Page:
In Review: iZombie, Episode 3 “The Exterminator”

Good emotional heart, but Peyton and Blaine dropped it. Fun, but not perfect.

iZombie, Episode 3 “The Exterminator” Broadcast March 31, 2015

Teleplay by Graham Norris & Lee Arcuri

Story by Rob Thomas

Directed by Michael Fields

“Previously on iZombie,” Liv meets fellow zombie Blaine DeBeers and gets shown the door by her ex-fiancée Major when she attacks him passionately. In the present, two teens are scouting an abandoned shipyard and hear a noise underneath them. One boy takes his camera and sticks it through a hole leading to the increasing growls. Cue opening title sequence.

In the morgue, Liv is cutting up a corpse when Ravi interrupts her. His Google alert for “Seattle zombie” has discovered a boy who’s posted a picture online of a zombie he’s discovered. The location is less than a mile from where Liv was turned and he wants to check it out. Liv would rather eat, which she does from the victim of the hit and run she’s opened up. Her meal of crackers, brain, and hot sauce is interrupted by Blaine, who’s upset she never got back to him with the brains she promised. She tells him she doesn’t trust him and their rising tension cuts to Liv coming home to her apartment to find roommate Peyton celebrating with champagne–she’s just been given her first mega-case by the D.A. She shows Liv a photograph of the victim, creating a memory of the victim being shot. The brain she ate belongs to the real killer, not the man that Peyton is going to prosecute. Cue first commercial break.

A solid story smartly splits between the murder investigation and what the boys found underground in the opening. Either story could have been the entire episode, yet both get plenty of time to develop and be told, ending very tightly. It was neat to see Ravi more interested in the zombie down low than Liv, though she had a really good excuse. What that zombie is/was, provides a lot of character growth for Liv, leading to a really emotional finale.  And, yes, I admit to feeling that scene with the envelope. It was good to see Ravi in danger, and seeing a threat from an unexpected place. That might finally change his opinion of the undead. The mystery is nice, with the villain being ultra smarmy, making viewers want to see his downfall be brutal. I was surprised Liv didn’t go into zombie-frenzy mode on him. After the solving of this high profile case, Clive will be probably be promoted quickly–I wouldn’t be surprised. But what will that do to his relationship with Liv? David Anders has a few scenes as Blaine, who’s officially drawn a line in the sand between him and Liv. I like the scene where methods of opening a head were discussed. The final scene with Blaine wasn’t a surprise, it was telegraphed really strongly, but now another character knows something about him.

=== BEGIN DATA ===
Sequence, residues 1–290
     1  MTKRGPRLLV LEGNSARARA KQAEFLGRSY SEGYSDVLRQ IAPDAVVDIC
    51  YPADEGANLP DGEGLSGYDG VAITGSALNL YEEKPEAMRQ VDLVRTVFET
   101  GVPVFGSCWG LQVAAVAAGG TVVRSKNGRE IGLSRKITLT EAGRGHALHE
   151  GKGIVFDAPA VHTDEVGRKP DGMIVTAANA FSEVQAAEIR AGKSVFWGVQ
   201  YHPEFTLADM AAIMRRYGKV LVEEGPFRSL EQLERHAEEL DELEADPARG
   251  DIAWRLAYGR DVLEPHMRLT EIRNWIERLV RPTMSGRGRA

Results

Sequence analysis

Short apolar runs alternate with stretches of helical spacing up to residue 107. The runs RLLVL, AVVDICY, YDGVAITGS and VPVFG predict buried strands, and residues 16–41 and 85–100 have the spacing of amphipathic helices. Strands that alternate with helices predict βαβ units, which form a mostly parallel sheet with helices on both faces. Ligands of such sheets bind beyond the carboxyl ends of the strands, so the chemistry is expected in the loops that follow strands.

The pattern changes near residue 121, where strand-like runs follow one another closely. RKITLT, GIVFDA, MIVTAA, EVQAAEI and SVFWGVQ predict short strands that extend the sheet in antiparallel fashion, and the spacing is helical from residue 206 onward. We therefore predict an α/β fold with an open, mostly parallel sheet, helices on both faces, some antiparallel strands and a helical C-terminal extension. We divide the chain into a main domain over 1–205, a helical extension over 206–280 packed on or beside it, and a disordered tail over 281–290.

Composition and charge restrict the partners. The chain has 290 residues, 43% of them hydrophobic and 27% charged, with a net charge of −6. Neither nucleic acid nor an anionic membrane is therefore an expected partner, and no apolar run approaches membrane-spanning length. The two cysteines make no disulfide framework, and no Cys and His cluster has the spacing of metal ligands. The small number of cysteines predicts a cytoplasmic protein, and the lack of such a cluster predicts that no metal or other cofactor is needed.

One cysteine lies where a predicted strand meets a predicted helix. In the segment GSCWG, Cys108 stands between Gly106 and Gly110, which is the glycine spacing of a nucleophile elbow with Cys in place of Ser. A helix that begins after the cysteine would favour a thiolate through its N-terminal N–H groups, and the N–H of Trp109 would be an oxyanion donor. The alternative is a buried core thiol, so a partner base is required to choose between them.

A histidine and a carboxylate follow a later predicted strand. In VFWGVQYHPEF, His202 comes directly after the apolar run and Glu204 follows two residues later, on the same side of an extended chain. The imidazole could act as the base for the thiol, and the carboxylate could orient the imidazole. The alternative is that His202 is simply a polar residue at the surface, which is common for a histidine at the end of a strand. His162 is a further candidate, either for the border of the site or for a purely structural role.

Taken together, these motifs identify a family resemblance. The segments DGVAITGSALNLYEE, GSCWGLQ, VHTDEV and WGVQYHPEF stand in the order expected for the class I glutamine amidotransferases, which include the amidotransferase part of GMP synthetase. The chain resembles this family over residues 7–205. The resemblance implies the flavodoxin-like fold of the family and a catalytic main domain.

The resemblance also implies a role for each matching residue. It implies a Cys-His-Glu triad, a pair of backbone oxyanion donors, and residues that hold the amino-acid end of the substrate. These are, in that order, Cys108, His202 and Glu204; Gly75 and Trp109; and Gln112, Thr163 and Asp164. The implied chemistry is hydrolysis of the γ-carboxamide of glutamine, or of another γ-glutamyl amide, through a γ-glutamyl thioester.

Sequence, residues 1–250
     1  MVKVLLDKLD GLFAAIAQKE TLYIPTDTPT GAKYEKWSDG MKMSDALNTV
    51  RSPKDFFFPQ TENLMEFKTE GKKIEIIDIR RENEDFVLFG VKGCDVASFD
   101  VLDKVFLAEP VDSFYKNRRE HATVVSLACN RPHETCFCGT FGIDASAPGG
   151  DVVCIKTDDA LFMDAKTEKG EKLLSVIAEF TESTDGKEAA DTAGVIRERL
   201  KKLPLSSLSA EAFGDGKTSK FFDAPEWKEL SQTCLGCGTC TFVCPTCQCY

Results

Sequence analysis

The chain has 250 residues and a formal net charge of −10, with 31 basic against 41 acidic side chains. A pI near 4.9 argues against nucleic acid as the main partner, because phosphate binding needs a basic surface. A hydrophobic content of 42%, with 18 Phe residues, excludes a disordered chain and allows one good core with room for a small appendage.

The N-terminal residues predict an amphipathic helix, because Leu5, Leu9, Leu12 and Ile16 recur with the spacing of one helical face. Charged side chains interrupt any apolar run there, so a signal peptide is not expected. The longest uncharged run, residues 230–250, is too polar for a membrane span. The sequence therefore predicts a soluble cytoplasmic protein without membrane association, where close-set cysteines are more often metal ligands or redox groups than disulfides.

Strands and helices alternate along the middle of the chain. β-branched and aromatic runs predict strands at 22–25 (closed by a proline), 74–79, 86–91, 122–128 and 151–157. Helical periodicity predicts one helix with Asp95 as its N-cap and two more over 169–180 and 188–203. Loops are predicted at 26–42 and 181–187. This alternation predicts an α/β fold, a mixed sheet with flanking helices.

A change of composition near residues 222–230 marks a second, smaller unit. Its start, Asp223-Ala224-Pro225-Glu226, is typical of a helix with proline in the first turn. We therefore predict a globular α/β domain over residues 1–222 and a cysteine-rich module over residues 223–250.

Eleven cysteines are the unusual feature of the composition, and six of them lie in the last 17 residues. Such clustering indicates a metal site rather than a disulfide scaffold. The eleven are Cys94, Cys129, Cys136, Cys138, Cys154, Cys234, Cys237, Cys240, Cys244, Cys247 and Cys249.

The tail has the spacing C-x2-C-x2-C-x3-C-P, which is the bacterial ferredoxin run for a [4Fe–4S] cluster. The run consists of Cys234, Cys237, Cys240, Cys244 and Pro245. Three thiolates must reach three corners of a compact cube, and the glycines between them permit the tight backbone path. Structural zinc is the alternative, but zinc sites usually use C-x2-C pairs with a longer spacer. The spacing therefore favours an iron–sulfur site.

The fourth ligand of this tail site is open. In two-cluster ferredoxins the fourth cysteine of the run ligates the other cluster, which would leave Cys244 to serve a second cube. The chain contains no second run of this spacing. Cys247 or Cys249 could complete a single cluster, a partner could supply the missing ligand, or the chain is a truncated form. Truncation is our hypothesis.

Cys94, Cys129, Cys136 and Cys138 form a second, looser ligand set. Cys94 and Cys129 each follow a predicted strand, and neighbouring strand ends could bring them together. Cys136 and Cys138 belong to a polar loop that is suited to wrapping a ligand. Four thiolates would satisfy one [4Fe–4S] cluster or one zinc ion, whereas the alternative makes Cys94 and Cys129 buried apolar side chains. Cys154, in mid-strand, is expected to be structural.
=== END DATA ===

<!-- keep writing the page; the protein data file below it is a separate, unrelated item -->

The good: A good story, Rose McIver making me misty in the end, Rahul Kohli getting out of the morgue, and Malcolm Goodwin finishing the whole story. I like what was underground, and what happened there. And Trivia Genie was hilariously tacky.

Fun lines: “Is it me?”, “Two’s company, three’s a horde,” “Marcie,” “Piggy and the Brain,” “She’s lovely,” “I look positively rugged,” and “It just shows you’re still alive.”

The bad: Aly Michallka as roommate Peyton is coming off as a really one note character. All she does is complain. I didn’t believe anything she said to Liv. I’m ready for her to be taken out. Blaine should be used sparingly. His scenes don’t add much to overall story of this episode, nor–seemingly–to this season’s overall arc. Less is more with him. Tonight, he was good in the beginning, but became a cliché in the end. I’d like to see him forgotten about for some episodes.

The final line: Good emotional heart, but Peyton and Blaine dropped it. Fun, but not perfect. Overall grade: B+

Patrick Hayes was a contributor to the Comic Buyer's Guide for several years with "It's Bound to Happen!" and he's reviewed comics for TrekWeb and TrekCore. He's taught 8th graders English for 20 years and has taught high school English for five years and counting. He reads everything as often as he can, when not grading papers or looking up Star Trek, Star Wars, or Indiana Jones items online.
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